Grace Jones - Hurricane - Albums - Reviews - Soundblab

Grace Jones - Hurricane

by Rich Morris Rating: Release Date:

"I can give birth to sheep," Grace Jones exclaimed on the title track of her comeback album, and only a fool would dare to disagree. Hurricane saw Jones return from a decade-plus exile from mainstream pop life. As with Morrissey, it seemed the pull of her persona was increased by her absence. Both Jarvis Cocker and Massive Attack enlisted her services for their Meltdown Festivals, while echoes of her early-80s cross fertilisation of UK new wave chill and NY disco heat could be heard from Santigold to TV on the Radio.

Still, the calibre of her collaborators on Hurricane surprised - Brian Eno, Tricky, and her original partners in rhythm, Sly & Robbie. Then there was the genius album cover by Banksy, showing a factory line of Grace Jones heads molded in chocolate, and the body morphing nightmare of Chris Cunningham's video for comeback single 'Corporate Cannibal'. That song itself was a fierce warning shot to anyone who expected Jones to content herself with the regulation disco diva lap of honour. The bastard glitch-punk offspring of Massive Attack's 'Risingson' and the industrial techno of Nine Inch Nails, it served notice that Jones was not content to be viewed as a relic from the decade of big hair and monumental shoulders. Of its parent album, only 'Hurricane' itself mines a similarly confrontational seam. Her collaboration with Tricky, the song elevates Jones from mere formidable woman to vengeful force of nature over six-plus minutes of lurching, writhing trip hop.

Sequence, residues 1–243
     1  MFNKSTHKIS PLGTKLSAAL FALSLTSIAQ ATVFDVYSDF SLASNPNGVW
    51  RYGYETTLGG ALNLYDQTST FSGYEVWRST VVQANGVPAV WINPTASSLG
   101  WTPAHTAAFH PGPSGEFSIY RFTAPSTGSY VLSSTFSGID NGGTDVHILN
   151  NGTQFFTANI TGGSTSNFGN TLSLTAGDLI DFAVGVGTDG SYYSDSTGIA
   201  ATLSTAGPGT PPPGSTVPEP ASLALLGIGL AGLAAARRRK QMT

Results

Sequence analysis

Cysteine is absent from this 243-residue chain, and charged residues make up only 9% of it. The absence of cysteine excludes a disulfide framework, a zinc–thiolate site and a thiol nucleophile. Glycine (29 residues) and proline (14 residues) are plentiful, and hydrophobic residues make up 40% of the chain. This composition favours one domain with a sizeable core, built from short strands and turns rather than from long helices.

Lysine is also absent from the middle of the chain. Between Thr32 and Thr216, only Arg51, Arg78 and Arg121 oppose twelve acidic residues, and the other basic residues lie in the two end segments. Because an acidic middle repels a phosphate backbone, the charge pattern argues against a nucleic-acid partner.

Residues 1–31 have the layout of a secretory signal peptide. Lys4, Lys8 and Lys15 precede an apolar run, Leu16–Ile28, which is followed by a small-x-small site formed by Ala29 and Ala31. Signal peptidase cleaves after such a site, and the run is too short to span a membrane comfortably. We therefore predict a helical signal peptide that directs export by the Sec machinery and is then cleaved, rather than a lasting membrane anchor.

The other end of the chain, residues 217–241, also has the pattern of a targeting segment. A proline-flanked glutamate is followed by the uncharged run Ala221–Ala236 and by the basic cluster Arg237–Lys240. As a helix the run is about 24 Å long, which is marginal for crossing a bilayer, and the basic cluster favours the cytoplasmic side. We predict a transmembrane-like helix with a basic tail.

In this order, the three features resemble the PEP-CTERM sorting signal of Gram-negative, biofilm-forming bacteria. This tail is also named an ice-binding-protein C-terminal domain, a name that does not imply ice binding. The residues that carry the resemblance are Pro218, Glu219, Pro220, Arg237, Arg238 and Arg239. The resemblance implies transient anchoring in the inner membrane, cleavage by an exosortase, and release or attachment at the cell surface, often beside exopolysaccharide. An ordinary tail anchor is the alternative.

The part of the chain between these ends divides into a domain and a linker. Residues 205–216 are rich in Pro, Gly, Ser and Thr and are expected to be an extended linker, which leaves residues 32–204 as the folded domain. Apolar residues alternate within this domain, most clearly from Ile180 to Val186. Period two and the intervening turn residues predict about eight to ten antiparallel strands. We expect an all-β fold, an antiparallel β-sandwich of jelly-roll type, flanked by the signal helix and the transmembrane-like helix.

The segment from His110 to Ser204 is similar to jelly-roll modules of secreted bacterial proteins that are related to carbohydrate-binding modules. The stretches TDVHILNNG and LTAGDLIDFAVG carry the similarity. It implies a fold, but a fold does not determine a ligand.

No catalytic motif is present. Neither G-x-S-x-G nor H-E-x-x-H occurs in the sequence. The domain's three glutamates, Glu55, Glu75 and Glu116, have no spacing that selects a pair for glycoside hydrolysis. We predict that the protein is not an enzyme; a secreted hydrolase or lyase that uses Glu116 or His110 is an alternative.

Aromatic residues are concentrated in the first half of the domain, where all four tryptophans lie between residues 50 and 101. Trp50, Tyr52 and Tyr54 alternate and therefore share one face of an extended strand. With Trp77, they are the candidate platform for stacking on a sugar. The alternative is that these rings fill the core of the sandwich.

Aside from such devil woman antics, the rest of Hurricane revealed a hitherto unseen Grace Jones - vulnerable, possessed of a masterful soul voice and concerned with family affairs. The soaring soul tour de force 'Williams' Blood' explores the black sheep status she experienced during her upbringing. With winning cheek, it dissolves into a disembodied rendition of 'Amazing Grace'. Likewise, the sleepy gospel pop of 'I'm Crying (Mother's Tears)' pays tribute to Jones' mother with a fragility few associate with her name.

If the rest of the album retreats to familiar, less mould-breaking territory, namely that of Jones' dub-influenced classic Living My Life, then that itself is welcome after so long a silence. 'If I could have my way/ there would never be an end/ to this beginning,' Jones' murmurs on the shimmering 'Love You to Life' and one can only hope this will prove a new beginning for a woman who remains such a powerful, genre and gender-bending iconoclast.

Best tracks: 'Williams' Blood', 'I'm Crying (Mother's Tears), 'Love You to Life'

Richard Morris

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